Two major narratives came out of the energizing Indiaspora conference – we as Indian Americans have been immensely successful, with some exceptions, and we should attend to India’s major needs.
I find these narratives compelling and informative, especially our commitment to assisting India. But, I also wonder what other perspectives could have been present to define the Indian American experience. At the heart of my concern is the rhetorical disconnect between those of us who have “made it” in the United States and those who have not. We talk about the latter group as footnotes to our dominant narrative, not because we want to dismiss them necessarily but because we don’t see them as reflecting on the vast majority of us.
For instance, New York City taxi cabs represent to tourists “the greatest city in the world.” Sixty percent of the drivers are South Asian immigrants, with a significant number being Indian. Their concerns are not just the economic but also in terms of racial discrimination, as expendable, possibly terrorist bodies. Bharavi Desi of the New York Taxi Workers Alliance, who was invited but could not attend the conference, would have changed the dominant narratives.
The Patel motel owners, whom I have gotten to know well for my latest book, Life Behind the Lobby, are seen as the American Dream incarnate. But, their economic vulnerability, exacerbated by their racial and cultural differences from customers and vendors, puts them in a precarious position.
Well-known but rarely discussed social ills also plague the community, including domestic violence and homophobia.
These are not simply tangential concerns. These individuals are our close or distant relatives, breadwinners for families, and our inevitable partners as we all get mixed together in the United States’ racial imagination. Moreover, such individuals are at the heart of how we pride ourselves in this country. Publicly, motel owners are held up by politicians as emblems of U.S. opportunity and fairness. But is this representation of our community members actually true?
Immigrants in lower-tier occupations came with little money, just like some of our most successful individuals, but without the same high educations. Privately, we hold sacred our strong families. Yet, domestic violence threatens our conception of family and devout yet powerful women. The challenges facing our community members are not always as extreme as say domestic violence, as I’ve noted in previous research, but they still warrant our attention.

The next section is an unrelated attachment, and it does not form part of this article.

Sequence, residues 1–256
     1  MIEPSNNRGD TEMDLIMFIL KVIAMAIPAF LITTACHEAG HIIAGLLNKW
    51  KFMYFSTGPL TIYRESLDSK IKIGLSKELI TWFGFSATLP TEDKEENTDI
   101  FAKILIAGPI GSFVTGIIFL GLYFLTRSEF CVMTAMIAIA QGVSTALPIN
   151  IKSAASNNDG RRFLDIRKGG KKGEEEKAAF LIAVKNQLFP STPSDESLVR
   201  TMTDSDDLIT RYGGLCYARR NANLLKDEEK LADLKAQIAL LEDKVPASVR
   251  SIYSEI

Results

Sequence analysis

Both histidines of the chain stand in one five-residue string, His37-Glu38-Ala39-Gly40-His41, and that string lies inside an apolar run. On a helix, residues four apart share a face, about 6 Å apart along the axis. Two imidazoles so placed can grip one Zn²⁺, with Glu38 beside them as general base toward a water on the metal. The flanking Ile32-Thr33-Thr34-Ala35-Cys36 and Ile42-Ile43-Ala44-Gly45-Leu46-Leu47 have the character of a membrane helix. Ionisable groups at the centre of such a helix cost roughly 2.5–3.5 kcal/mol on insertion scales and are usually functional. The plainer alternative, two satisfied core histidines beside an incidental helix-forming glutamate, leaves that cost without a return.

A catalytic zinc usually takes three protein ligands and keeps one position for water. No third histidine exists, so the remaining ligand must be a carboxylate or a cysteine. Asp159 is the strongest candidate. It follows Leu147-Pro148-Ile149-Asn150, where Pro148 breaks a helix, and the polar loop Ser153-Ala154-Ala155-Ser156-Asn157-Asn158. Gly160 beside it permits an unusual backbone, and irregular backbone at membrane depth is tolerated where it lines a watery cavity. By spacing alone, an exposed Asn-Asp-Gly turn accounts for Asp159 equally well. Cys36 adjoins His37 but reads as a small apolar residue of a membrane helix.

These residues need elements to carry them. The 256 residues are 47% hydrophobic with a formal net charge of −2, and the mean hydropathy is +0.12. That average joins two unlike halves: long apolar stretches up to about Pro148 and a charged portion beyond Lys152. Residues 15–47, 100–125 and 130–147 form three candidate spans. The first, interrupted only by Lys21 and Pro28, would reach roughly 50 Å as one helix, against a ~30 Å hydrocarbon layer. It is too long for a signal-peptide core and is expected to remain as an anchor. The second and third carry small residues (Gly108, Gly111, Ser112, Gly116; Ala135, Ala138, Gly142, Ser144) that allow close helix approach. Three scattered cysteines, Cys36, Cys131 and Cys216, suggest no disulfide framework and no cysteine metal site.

These challenges do not simply complicate the narrative of a successful and well-adjusted immigrant community – they threaten the basis of the narrative itself. We need to construct a more truthful and holistic narrative of the Indian American experience.
The Smithsonian Institution’s Indian American Heritage Project attempts to do that. Its exhibition, Beyond Bollywood, slated to open in 2013, will show us a community inherently interconnected – how taxi drivers as well as doctors and engineers have moved forward by uniting for equality; how spelling-bee champions relate to Indian American hip hop artists; how jazz musicians and actors join with service organizations to combat hate crimes, and more. It will feature Olympic medals, inventions and awards from leading IT icons Vinod Dham and Vinod Khosla, early writings by celebrity chef and actress Madhur Jaffrey, murals by at-risk youth, personal photographs of Governor Nikki Haley, historic items of early Indian settlers, and much more. To see this exhibition to completion, financial donations are needed.
By coming together, Indian Americans have taken advantage of opportunities and created additional opportunities, thereby advancing the nation. A narrative that connects the disparate parts of our community shows that by uniting with others we can accomplish our goals.